Friday, February 25, 2011


This morning my daughter walked out of the house for school in a huff. She left her breakfast uneaten, the cup of milk untouched.

All because as I braided her hair, I gave her a piece of mind for being rude, for answering back, for not knowing how to "talk to mama" over a trivial issue...

I know that she will have forgotten the incident by evening and will come home with her usual smile and hugs...

Somehow I have an expectation - of being treated and spoken to like a "mom" and I don't know if its misplaced... My reaction to this sense of loss of control or authority has left me sad, confused and embarrassed!

There's much I need to learn to be a mother worthy of such beautiful kids...


Temped to share this... Whacked it off Arunima's blog.. Thank you!!!

Before I was a Mom I made and ate hot meals.

I had unstained clothing, I even took pleasure in shopping.

I had quiet, uninterrupted conversations on the phone.

I had privacy in the bathroom.

Before I was a Mom, I slept as late as I wanted and never cared about the time I went to bed.

I was able to sleep the entire night uninterrupted and woke up with a feeling of being well-rested and ready for a new day.

Before I was a Mom, I never got up every few minutes, stopping whatever I was doing - voluntarily, just to be sure all in the house was okay or to lay my hand on the back of a sleeping child to be sure they were breathing and not feverish.

I brushed my hair and my teeth every day. I enjoyed leisurely bubble baths whenever I wanted.

I had time to clean house and read a magazine.

Before I was a Mom, I renewed my spirit by having lit candles burning all through the house; never nervous about that practice injuring fingers or being a fire hazard.

I never tripped over toys or forgot words to lullabies and nursery rhymes. I was confident.

I was not concerned about the paint on the wall, leaving a window open or the front gate unlocked.

I never worried whether or not my houseplants were poisonous or what I kept under the kitchen sink or where I kept the sharp knives.

I never gave a second thought to the safety of electrical outlets or the accessibility of the medicine chest.

Before I was a Mom, the word "immunizations" meant almost nothing to me. 

I had never held down a screaming, fearful child so that a doctor could do tests or give shots.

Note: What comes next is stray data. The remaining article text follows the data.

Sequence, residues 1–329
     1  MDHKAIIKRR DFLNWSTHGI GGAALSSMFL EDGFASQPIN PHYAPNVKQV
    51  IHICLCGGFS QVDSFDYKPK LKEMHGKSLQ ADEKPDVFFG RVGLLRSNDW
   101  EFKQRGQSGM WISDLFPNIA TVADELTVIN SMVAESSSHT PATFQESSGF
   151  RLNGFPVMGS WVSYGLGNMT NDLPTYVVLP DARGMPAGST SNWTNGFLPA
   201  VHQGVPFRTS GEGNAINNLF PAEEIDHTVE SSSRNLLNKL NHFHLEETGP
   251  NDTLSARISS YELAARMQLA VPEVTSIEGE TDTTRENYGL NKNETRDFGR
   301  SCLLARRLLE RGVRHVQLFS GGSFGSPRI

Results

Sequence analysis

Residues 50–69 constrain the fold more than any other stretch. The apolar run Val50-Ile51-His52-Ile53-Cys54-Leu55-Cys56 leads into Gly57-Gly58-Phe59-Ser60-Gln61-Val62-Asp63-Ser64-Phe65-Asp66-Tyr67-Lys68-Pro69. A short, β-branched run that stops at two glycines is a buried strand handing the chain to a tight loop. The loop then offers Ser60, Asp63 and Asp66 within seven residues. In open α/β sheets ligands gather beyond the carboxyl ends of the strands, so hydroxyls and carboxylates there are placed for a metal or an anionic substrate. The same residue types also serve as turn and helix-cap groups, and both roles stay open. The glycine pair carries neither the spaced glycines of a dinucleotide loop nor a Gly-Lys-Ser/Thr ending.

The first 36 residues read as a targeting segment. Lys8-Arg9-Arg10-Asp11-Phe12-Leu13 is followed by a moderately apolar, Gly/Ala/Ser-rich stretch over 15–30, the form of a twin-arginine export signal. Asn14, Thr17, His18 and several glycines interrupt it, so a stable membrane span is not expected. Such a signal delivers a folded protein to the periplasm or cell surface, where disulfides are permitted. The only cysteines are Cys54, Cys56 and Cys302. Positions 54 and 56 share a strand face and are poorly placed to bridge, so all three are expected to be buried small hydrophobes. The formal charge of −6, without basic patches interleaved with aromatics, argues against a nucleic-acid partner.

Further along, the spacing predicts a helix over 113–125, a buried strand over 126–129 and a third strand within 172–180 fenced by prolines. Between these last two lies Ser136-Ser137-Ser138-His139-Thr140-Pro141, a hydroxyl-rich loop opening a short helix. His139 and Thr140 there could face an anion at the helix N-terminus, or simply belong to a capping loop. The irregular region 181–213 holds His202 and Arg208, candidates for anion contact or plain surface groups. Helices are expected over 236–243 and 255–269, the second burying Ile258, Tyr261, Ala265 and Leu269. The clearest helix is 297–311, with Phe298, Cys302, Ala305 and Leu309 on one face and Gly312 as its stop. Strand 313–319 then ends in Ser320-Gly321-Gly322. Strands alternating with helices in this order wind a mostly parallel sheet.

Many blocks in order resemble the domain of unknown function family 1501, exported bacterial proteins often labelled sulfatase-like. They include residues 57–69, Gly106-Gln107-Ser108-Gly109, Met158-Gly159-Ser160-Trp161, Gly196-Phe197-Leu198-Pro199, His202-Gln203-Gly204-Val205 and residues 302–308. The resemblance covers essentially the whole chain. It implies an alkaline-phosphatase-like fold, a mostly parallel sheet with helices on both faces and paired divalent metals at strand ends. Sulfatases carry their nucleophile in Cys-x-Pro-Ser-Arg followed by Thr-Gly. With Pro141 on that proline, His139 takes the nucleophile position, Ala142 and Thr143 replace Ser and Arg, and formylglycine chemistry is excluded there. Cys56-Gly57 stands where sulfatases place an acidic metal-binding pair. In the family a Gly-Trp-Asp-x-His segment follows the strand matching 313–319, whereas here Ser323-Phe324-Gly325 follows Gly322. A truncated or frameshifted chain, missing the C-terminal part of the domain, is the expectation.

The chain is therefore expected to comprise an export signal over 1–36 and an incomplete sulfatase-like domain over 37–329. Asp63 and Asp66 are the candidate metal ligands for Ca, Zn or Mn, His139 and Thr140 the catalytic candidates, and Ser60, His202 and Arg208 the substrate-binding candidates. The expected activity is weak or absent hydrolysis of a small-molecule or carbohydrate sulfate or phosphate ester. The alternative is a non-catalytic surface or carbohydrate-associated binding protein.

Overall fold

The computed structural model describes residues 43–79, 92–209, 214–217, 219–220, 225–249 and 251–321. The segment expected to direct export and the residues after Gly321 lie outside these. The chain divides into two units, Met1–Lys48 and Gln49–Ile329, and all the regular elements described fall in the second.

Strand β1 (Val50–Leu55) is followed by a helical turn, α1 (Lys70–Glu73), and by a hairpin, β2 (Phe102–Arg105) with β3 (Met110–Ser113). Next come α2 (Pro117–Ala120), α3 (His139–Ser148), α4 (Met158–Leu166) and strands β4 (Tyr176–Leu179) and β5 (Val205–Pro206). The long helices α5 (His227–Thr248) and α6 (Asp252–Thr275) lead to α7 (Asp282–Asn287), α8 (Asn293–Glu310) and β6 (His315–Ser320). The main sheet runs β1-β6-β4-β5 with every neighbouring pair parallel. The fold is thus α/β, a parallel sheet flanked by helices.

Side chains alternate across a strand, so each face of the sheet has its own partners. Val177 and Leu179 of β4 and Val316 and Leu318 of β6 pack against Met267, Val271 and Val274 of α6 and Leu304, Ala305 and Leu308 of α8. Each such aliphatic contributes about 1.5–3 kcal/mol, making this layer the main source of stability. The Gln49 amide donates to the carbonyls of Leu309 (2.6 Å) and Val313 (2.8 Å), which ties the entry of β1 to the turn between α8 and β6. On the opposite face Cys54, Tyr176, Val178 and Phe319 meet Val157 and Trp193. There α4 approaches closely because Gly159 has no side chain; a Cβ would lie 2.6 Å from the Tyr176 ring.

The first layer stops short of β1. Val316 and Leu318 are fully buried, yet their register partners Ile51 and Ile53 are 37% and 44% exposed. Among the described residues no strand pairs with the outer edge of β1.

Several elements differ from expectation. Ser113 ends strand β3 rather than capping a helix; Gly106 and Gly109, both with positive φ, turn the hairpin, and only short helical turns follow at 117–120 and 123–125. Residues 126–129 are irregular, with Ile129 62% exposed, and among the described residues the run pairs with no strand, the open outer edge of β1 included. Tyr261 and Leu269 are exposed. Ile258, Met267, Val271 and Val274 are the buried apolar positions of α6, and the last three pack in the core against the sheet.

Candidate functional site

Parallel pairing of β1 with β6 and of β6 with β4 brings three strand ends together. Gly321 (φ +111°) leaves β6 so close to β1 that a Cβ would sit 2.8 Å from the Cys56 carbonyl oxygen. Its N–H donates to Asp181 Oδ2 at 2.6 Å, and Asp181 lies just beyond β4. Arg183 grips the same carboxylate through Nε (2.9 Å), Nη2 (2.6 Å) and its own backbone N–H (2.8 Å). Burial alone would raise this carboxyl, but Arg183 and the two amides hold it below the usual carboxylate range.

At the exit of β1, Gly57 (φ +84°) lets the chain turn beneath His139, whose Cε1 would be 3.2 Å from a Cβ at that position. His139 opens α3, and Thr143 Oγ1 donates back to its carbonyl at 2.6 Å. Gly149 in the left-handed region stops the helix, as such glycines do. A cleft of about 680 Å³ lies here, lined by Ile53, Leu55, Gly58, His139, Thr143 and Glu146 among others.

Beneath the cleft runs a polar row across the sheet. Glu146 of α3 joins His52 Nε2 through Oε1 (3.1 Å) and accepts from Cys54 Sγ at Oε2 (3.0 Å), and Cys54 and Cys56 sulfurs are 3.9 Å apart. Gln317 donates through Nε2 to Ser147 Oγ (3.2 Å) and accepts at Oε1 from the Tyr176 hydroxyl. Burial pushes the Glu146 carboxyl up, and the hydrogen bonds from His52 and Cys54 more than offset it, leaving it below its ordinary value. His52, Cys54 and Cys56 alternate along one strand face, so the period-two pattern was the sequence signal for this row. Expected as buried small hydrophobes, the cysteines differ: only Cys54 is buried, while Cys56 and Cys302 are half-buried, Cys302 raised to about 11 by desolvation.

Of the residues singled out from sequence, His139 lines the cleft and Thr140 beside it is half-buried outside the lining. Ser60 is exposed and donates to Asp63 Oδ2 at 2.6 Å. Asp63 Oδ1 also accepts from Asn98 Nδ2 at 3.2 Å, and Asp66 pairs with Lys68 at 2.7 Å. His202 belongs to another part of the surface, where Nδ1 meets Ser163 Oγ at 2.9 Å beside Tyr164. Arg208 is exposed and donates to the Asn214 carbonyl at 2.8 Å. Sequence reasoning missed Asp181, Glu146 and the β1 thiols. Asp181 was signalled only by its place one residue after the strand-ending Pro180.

I had never been puked on, spit on, chewed on, pooped and peed on or pinched by tiny fingers.

I had forgotten how real monsters hide in closets without a night-light on and that bed-bugs bite too.

Before I was a Mom, I had complete control of my thoughts, my emotions, my body and my money.

I never looked into little teary eyes and cried myself. 

I never got gloriously happy over a simple grin.

I never sat up late watching a child sleep, while praying over their future and being thankful to God for today.

Before I was a Mom, I never felt my heart break into a million pieces when I couldn't stop the physical pain or ease the emotional hurt.

I never knew that something so small could affect my life so much.

I never knew that I could love someone so much. I never knew I would love being a Mom.

Before I was a Mom, I didn't know the feeling of having my heart outside my body, or the necessity of having eyes in the back of my head, or the importance of having three hands.

I didn't know how special it would feel to hold and feed a hungry baby, kiss a boo-boo or to offer comfort in the middle of a thunder storm.

I never held a sleeping infant because I did not want to let go.

I never knew the delight of small arms hugging my neck.

I didn't know the bond between a Mother and her child could be so strong.

Before I was a Mom, I did not know anyone so small could make me feel so important and needed.

I had taken for granted the special moments and milestones I had been blessed to witnessed in the lives of others - like first steps and first words - the sound of a tiny voice whispering "Mommy?" for the first time - the discovery of rain and snow - the first taste of a cookie - and so much more.

No, I had never experienced the warmth, joy, heartache, wonderment, commitment, responsibility or the satisfaction that comes from the knowledge and understanding of what it means to be willing to self-sacrifice.

Now, I can appreciate the over-protectiveness of my own Mom, because I didn't know I was capable of feeling so much - before I was a Mom.

Post a Comment